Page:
Historically, the Idumuje-Ugboko Development Union (IUDU) was never part of the hierarchical social structure. Nonetheless, it was added to the social structure purely because of its position as a socio-economic enabler by providing funds for infrastructure projects. The structure of the union is such that development funds are usually generated through the annual dues paid by the members at the branch level or via project-specific fundraising initiatives.  Often, a portion of the internally generated fund is ring-fenced and remitted to a central body called the National Executive Committee (NEC).  The stipulated amount that should be remitted annually to NEC by each branch (home or abroad) is currently fixed at hundred thousand Naira (₦100,000). In principle, it is the duty of this committee to identify, commission and disburse funds in support of pre-agreed projects. Nonetheless, the pooled resource does not preclude the execution of standalone or branch funded infrastructure projects.

The Institutions Of Marriage, Birth, And Burial


In most African cultures, the institution of marriage is fundamentally the union of a man and woman. That said, in most liberal societies the sanctity of this institution is currently facing challenges due to the influence of Western cultures and values. Despite these perceived negative influences, the traditional concept of a marriage between a man and a woman still holds strong in most African cultures and will be very difficult to dislodge.

In Idumuje-Ugboko, a marriage is deemed acceptable when it is contracted between a man and a woman from two different Ebos. This extra layer of ‘acceptability’ was put in place to discourage contracting marriages within the same Ebo because such marriages are rightly regarded as a form of inbreeding.  The existence of this precautionary measure means that the institution of marriage in Idumuje-Ugboko is, by preference, Exogamous – the custom of marrying outside a close social group, i.e. the Ebo, as opposed to Endogamous – a marriage contracted within the same social group.

Before the advent of Christianity, the culture empowered families mainly fathers to arrange marriages on behalf of their sons and daughters. The lack of resistance from prospective couples and the deference to the culture of the community allowed this awkward arrangement to flourish for a very long time. However, the ratcheting up of interest in literacy and Christian values has helped to challenge this atypical social arrangement. As Christian values took root, men and women began to discern that it is their prerogative to pick and choose who they marry. Even though this obsolete practice is gradually but surely waning, in Idumuje-Ugboko, other forms of antediluvian marriage practices predate the coming of Christianity.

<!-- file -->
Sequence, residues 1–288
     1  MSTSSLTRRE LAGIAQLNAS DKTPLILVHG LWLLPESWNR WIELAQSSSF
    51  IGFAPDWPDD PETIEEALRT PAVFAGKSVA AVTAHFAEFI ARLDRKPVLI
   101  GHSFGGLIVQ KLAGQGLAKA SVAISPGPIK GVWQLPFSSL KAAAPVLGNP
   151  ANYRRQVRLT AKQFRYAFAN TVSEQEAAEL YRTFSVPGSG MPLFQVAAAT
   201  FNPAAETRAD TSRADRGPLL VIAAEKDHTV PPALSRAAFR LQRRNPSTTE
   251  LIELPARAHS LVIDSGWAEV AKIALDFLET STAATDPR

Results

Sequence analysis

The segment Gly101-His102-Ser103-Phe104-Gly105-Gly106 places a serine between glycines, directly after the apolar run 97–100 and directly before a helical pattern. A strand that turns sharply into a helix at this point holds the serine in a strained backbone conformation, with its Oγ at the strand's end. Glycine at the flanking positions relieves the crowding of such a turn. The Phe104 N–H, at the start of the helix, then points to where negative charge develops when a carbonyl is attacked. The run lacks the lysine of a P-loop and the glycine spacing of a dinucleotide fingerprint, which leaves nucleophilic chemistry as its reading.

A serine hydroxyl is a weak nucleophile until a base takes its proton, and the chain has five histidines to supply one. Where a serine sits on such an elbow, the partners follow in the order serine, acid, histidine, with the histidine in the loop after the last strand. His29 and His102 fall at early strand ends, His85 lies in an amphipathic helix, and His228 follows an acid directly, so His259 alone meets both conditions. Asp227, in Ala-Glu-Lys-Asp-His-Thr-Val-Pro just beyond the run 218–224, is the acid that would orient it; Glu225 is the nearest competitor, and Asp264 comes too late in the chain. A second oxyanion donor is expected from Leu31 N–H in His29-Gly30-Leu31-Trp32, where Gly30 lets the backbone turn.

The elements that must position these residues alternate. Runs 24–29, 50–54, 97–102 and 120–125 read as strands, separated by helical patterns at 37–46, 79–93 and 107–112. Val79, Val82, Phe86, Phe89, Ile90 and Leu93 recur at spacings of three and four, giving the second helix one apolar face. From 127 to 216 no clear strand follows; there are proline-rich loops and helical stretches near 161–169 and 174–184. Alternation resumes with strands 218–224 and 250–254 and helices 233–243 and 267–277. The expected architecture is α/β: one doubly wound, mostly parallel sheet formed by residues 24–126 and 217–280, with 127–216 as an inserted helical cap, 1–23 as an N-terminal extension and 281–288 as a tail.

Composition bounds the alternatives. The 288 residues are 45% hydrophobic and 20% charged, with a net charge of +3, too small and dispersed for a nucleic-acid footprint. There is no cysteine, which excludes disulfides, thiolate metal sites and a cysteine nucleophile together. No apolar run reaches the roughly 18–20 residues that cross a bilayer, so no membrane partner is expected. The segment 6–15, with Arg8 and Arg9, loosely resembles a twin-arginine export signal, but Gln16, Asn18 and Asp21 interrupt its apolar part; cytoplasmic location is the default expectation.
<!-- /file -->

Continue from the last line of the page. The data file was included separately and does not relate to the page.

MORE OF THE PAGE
Types Of Marriages

In Idumuje-Ugboko, the following forms of marriage were recognised and practised, pre-Christian time:

  • Wife seizure or capture
  • Mbeme or betrothal (biased against girls)
  • Marriage by divorce
  • Widow inheritance (Igbu Na Nzo)
  • Conventional marriage
Wife SeizureMbeme Or BetrothalMarriage by DivorceWidow InheritanceConventional Marriage

Wife Seizure

As the name denotes, this is anything but a free-will marriage. It is exactly what it says – a forced marriage, in most cases, between a ‘trapped’ woman and another man, who may or may not be strangers to each other. Certain conditions have to be present for wife capture to occur. Wife capture will take place if:

  • A bride rejects a marriage proposal when both parents, extended family and the Ebo have already agreed to it
  • An entirely new suitor arrives on the scene and both families have a mutual interest in accepting the advances of the new suitor. If the family give the nod to the ‘meddler’ at the expense of the first suitor, wife seizure may take place with the new suitor most likely to be the instigator
  • The prospective groom’s parents and the bride agree to the proposal, but the bride’s parents claim that the bride, most probably a prepubescent child, is not mature enough to be married
  • A bride accepts a marriage proposal but the proposal is rejected by her parents

Were any of these circumstances to present themselves, the men from the bridegroom’s Ebo will be instructed to go and abduct the bride, either in broad daylight or during a moonlit gathering. Her capture is usually announced by gunshots by the bridegroom’s Ebo men. The instant consequence of the abduction is an (en) forced rape, actively encouraged by the older Ebo women. The loss of the bride’s virginity is a calculated act to humiliate, entrap and compel the bride to stay with her husband in order to avoid the ignominy that will follow if she rejects the marriage.

Mbeme Or Betrothal

This type of marriage is usually contracted as a result of a mutually binding promise between two families.  The promise can be in lieu of a debt owed, a favour offered and taken, or to cement family ties.  Chiefly, this involves marrying off a girl under the age of consent to an older man.

Irrespective of the reason for contracting such a marriage, once a girl is betrothed, the intent is cemented by the presentation of a symbolic log of wood to the girl’s family. This log of wood represents ‘warmth’, – interpreted to mean the man’s burning desire to have the girl as a future wife. Consequently, the man must continue to ‘service’ and ‘renew’ this agreement in various ways before he eventually marries the girl. The demonstrable acts of ‘continuous service’ may include but not limited to, carrying out unpaid manual work in the girl’s family farm, the fetching of water, the presentation of palm wine as a gift during festivals or the rendering of ad hoc domestic assistance at the prospective in-law’s home.  At ‘maturity’, the girl’s bride price is paid. The girl, now probably a fully grown woman, is married off by her family.